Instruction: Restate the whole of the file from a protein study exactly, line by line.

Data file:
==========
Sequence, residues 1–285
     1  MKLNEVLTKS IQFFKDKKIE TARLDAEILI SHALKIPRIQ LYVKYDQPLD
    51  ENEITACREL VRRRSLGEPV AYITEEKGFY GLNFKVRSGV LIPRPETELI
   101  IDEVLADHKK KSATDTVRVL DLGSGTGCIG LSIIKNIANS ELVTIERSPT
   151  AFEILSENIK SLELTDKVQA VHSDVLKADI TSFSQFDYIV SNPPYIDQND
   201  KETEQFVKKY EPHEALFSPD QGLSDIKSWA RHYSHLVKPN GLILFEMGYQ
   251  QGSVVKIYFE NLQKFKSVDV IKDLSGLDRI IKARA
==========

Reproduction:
Sequence, residues 1–285
     1  MKLNEVLTKS IQFFKDKKIE TARLDAEILI SHALKIPRIQ LYVKYDQPLD
    51  ENEITACREL VRRRSLGEPV AYITEEKGFY GLNFKVRSGV LIPRPETELI
   101  IDEVLADHKK KSATDTVRVL DLGSGTGCIG LSIIKNIANS ELVTIERSPT
   151  AFEILSENIK SLELTDKVQA VHSDVLKADI TSFSQFDYIV SNPPYIDQND
   201  KETEQFVKKY EPHEALFSPD QGLSDIKSWA RHYSHLVKPN GLILFEMGYQ
   251  QGSVVKIYFE NLQKFKSVDV IKDLSGLDRI IKARA